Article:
• “Limited Offering” means an offering that is exempt from registration under Section 4(2) or Section 4(6) of the Securities Act of 1933, as amended, or pursuant to Rule 504, Rule 505, or Rule 506 under the Securities Act of 1933, as amended, and similar restricted offerings under comparable foreign law.
  • “Personal Benefit” includes any intended benefit for oneself or any other individual, company, group or organization of any kind whatsoever except a benefit for a client.
  • “Personal Securities Transactions” shall not include transactions in Proprietary Accounts.
  • “Portfolio Deposit” means an in-kind deposit of securities and/or cash in connection with the purchase of securities of a Self-Indexing Fund.
  • “Proprietary Account” means an account in which the Firm owns, individually or in the aggregate, a 5% or greater interest.
  • “Reportable Fund” means any Fund for which the Firm serves as an investment adviser
  • “Security” means any note, stock, treasury stock, security future, bond, debenture, evidence of indebtedness, certificate of interest or participation in any profit sharing agreement, collateral-trust certificate, preorganization certificate or subscription, transferable share, investment contract, voting-trust certificate, certificate of deposit for a security, fractional undivided interest in oil, gas, or other mineral rights, any put, call, straddle, option, or privilege on any security (including a certificate of deposit) or on any group or index of securities (including any interest therein or based on the value thereof), or any put, call, straddle, option, or privilege entered into on a national securities exchange relating to foreign currency, or, in general, any interest or instrument commonly known as a “security”, or any certificate of interest or participation in, temporary or interim certificate for, receipt for, guaranty of, or warrant or right to subscribe to or purchase any of the foregoing.
  • “Supervised Person” of the Firm means any officer, director, managing director or employee of the Firm

2.                Compliance with Laws and Regulations

The Firm and each Supervised Person must comply with all applicable Federal Securities Laws, whether acting with respect to client accounts, personal accounts or Proprietary Accounts.  Without limiting the generality of the foregoing, Supervised Persons of the Firm shall not, directly or indirectly, in connection with the purchase or sale of a security held or to be acquired by a client account, personal account or Proprietary Account:

  • Defraud any client in any manner;
  • Mislead any client, including by making a statement that omits material facts;
  • Engage in any act, practice or course of conduct which operates or would operate as a fraud or deceit upon any client;
  • Engage in any manipulative practice with respect to a client; or
  • Engage in any manipulative practice with respect to securities, including price manipulation.

3.                Preferential Treatment, Gifts and Entertainment

No Supervised Person of the Firm shall seek or accept favors, preferential treatment or any other personal benefit because of his or her association with the Firm, except those usual and normal benefits directly provided by the Firm.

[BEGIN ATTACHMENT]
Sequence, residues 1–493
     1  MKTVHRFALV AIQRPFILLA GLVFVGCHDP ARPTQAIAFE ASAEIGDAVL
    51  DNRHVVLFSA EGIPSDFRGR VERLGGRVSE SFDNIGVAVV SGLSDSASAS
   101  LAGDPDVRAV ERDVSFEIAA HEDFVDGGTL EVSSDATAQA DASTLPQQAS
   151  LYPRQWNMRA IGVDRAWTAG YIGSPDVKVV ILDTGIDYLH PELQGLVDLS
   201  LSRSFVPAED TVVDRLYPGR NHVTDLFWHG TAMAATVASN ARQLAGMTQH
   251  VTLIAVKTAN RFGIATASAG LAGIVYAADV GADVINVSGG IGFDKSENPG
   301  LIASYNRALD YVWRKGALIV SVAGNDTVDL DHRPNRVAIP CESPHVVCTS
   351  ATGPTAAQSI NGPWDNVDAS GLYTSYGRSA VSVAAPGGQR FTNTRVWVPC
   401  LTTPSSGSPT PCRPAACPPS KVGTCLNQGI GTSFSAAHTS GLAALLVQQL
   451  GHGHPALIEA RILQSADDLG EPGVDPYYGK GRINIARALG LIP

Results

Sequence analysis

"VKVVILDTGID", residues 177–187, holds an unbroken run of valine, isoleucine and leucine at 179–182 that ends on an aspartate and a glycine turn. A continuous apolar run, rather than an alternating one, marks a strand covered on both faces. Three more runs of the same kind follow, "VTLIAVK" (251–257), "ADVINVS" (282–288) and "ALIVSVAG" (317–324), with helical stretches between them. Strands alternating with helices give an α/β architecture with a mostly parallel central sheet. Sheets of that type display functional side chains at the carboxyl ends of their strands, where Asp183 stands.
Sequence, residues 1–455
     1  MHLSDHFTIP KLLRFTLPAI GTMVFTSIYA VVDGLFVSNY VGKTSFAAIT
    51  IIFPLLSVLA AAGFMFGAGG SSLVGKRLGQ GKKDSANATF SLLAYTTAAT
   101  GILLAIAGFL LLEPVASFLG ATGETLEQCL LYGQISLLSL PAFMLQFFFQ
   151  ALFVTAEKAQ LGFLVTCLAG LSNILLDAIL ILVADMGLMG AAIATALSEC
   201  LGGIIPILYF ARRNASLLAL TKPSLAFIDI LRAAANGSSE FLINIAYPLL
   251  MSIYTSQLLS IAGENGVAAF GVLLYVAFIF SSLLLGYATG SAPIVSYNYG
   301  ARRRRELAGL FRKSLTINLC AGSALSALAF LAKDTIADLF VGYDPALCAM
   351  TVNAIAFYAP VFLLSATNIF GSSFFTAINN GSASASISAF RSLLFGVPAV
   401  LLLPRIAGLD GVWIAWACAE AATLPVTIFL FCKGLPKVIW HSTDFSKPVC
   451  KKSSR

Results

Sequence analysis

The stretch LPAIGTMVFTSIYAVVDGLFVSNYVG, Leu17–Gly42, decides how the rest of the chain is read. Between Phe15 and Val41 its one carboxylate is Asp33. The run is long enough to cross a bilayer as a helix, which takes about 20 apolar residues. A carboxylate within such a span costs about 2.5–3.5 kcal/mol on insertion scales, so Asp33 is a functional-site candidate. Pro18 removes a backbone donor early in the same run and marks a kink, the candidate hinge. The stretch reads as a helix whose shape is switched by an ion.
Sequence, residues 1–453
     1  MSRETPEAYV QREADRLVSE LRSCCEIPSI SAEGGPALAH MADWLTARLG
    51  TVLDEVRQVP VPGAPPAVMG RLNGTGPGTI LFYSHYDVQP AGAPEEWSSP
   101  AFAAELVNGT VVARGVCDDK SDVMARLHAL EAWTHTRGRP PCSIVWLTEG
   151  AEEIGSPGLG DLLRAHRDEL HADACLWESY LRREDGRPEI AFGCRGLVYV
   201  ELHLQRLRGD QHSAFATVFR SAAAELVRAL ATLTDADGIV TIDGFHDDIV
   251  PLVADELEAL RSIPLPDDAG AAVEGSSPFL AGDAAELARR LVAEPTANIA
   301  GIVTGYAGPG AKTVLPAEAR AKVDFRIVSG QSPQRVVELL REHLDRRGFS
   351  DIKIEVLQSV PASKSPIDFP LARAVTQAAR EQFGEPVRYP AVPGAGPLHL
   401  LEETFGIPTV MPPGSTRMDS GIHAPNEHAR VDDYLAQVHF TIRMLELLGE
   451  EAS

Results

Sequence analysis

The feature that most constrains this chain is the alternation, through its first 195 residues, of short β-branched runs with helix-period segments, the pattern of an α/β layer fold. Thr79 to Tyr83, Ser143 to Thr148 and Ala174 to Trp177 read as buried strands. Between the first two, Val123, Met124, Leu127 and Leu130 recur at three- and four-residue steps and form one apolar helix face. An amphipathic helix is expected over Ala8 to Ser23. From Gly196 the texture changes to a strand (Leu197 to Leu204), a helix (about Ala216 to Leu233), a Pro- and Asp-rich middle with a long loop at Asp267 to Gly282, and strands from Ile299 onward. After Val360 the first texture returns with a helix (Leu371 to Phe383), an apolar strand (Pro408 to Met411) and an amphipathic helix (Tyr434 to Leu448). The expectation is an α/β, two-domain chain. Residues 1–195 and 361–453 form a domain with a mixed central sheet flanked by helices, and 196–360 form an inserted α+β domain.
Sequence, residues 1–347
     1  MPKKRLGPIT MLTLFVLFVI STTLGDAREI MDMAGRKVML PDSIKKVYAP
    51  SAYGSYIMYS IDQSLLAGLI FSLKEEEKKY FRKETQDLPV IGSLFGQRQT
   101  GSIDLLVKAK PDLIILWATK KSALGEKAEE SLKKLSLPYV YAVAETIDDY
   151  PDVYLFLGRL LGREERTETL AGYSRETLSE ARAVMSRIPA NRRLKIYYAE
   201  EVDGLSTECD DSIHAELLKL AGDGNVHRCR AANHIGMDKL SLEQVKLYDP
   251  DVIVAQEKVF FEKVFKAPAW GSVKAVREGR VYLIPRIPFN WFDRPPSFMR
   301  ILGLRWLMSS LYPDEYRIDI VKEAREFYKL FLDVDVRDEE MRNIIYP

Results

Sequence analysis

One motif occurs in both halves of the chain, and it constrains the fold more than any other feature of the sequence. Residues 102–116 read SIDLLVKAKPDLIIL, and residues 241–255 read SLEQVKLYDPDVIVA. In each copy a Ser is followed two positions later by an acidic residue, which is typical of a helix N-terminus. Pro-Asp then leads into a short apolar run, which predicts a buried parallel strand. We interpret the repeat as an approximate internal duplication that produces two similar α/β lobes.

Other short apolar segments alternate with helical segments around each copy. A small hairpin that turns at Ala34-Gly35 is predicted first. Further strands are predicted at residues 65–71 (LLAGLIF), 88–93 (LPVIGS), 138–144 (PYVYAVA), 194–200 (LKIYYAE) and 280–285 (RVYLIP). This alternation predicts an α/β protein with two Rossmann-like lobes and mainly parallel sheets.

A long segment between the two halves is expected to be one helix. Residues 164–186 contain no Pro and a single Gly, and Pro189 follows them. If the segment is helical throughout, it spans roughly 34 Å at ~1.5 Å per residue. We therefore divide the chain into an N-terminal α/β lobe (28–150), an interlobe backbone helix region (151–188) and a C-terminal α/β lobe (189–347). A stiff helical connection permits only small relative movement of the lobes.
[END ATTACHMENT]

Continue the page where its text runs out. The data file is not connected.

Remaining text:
No Supervised Person of the Firm shall accept or offer any entertainment, gift or other personal benefit that may create or appears to create a conflict between the interests of such person and the Firm.  Supervised Persons are prohibited from receiving any gift or other personal benefit of more than de minimis value from any person or entity that does business with or on behalf of the Firm.  In addition, Supervised Persons are prohibited from giving or offering any gift or other personal benefit of more than a de minimis value to any person or entity who is an existing or prospective client or any person that does business with or on behalf of the Firm and shall be absolutely prohibited from giving or offering any gift or other personal benefit to any client or prospective client that is a governmental entity or official thereof or official of any governmental entity investment, retirement or pension fund.  For purposes of this Code, de minimis is defined as reasonable and customary business entertainment, such as an occasional dinner, a ticket to a sporting event or the theater, or comparable entertainment which is neither so frequent nor so extensive as to raise any question of propriety.  Supervised Persons shall comply with the Gift and Entertainment Procedures attached hereto as Exhibit A.  Any questions regarding the receipt of any gift or other personal benefit should be directed to the Compliance Officer.

4.                Conflicts of Interest

If any Supervised Person of the Firm is aware of a personal interest that is, or might be, in conflict with the interest of any client, that Supervised Person should disclose the situation or transaction and the nature of the conflict to the Firm’s Compliance Officer for appropriate consideration.  In addition, no Supervised Person of the Firm may use knowledge about pending or currently considered securities transactions for clients to directly or indirectly profit personally.  Without limiting the foregoing, Supervised Persons of the Firm who are planning to invest in or make a recommendation to invest in a Contemplated Security, and who have a material interest in the security or a related security, must first disclose such interest to his or her manager and the Compliance Officer.  Such manager or Compliance Officer shall conduct an independent review of the recommendation to purchase the security for clients and written evidence of such review shall be maintained by the Compliance Officer.  Supervised Persons may not fail to timely recommend a suitable security to, or purchase or sell a suitable security for, a client in order to avoid an actual or apparent conflict with a personal transaction in a security.